Asia Banks Face Dollar Funding Squeeze After US Cut

This has nothing to do with the downgrade.
Looks like the boys got themselves caught in a bit of a dollar short squeeze.
Falling crude oil and other commodity prices will only make it worse.
The Aussie dollar looks to be down close to 10% from recent highs, indicating a bit of a $US short there too.
Seems near 0 rates, QE, and general bad mouthing of the $US may have gotten them carried away on the short side, using it as a ‘funding currency’ and all that.

Could have been worse, could have been short yen for the same reason, which they also are…

Asia Banks Face Dollar Funding Squeeze After US CutAsia Banks Face Dollar Funding Squeeze After US Cut

August 8 (Reuters) — Asia’s banks are seen facing a bump-up in dollar-funding costs and potentially slower credit growth after Standard & Poor’s historic U.S. debt rating downgrade, strengthening China’s case to push the yuan as a global alternative to the dollar.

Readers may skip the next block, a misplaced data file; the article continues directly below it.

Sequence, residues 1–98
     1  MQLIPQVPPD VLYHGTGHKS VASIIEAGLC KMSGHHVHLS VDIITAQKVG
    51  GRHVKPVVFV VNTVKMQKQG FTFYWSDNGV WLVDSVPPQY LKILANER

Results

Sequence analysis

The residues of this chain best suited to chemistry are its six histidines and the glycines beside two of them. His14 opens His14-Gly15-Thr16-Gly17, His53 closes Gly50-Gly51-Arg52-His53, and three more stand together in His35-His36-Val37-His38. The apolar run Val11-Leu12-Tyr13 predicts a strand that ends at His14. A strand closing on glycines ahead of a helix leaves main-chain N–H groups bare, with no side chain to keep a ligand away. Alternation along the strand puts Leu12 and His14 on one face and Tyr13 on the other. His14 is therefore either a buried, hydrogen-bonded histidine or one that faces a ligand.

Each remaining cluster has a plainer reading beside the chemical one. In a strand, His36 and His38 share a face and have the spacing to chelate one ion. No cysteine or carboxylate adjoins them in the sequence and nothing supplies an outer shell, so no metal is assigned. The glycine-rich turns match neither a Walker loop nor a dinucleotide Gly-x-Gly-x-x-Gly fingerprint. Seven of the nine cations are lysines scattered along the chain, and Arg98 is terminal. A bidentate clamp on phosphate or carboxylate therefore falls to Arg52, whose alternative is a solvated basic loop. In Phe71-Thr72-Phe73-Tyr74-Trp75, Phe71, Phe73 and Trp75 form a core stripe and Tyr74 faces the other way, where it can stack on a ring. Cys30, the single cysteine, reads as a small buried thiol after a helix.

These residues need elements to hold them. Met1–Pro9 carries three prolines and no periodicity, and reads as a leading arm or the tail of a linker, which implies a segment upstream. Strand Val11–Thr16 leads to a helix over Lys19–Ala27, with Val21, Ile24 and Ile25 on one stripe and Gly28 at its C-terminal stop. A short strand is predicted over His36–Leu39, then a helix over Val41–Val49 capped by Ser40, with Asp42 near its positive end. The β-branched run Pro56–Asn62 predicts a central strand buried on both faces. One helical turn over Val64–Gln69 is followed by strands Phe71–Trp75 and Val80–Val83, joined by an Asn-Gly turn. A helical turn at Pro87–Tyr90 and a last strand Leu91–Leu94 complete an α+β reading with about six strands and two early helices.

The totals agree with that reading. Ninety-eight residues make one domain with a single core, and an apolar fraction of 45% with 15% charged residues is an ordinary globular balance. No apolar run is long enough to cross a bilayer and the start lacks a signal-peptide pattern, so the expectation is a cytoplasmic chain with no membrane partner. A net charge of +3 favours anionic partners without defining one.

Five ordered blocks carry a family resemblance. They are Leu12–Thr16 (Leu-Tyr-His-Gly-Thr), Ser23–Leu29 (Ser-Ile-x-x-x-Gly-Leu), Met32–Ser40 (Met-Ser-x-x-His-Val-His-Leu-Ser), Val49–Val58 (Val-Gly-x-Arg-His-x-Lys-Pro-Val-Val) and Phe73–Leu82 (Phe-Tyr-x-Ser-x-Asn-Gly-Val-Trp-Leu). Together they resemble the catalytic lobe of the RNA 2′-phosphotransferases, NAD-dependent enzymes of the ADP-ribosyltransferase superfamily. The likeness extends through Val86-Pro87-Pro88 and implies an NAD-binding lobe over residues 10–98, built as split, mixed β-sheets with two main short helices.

Ratings agency S&P cut the U.S. long-term rating by one notch to AA+ from AAA on Friday, sparking a sell off in global stock markets already roiling from concerns about the euro zone’s debt crisis.

Banks in Asia have about 15-20 percent of their loan book in U.S. dollars, according to an estimate by Ismael Pili, head of Asian bank research at Macquarie Capital. Analysts said their demand and costs have been climbing.

“We have seen rising demand for U.S dollar loans by corporates throughout the region,” said Christine Kuo, Singapore-based team leader for banking at Moody’s Investor Service.

“Banks have been raising U.S. dollar funding to meet their customer demand. If there is tightening or there is great volatility in the U.S. dollar market, that’s where we think the impact will come in. Some of the banks will need to pay higher for U.S. dollar funding or they may have to delay their capital market issuance should the market become too volatile,” she added.

Moody’s estimates Singapore’s DBS and OCBC have loan-to-deposit ratios in U.S. dollar of 140-160 percent. That means they do not have sufficient U.S. dollar deposits for loans but borrow from the wholesale market to finance corporate needs.

The funding squeeze will again intensify calls for replacing the dollar as the reserve currency.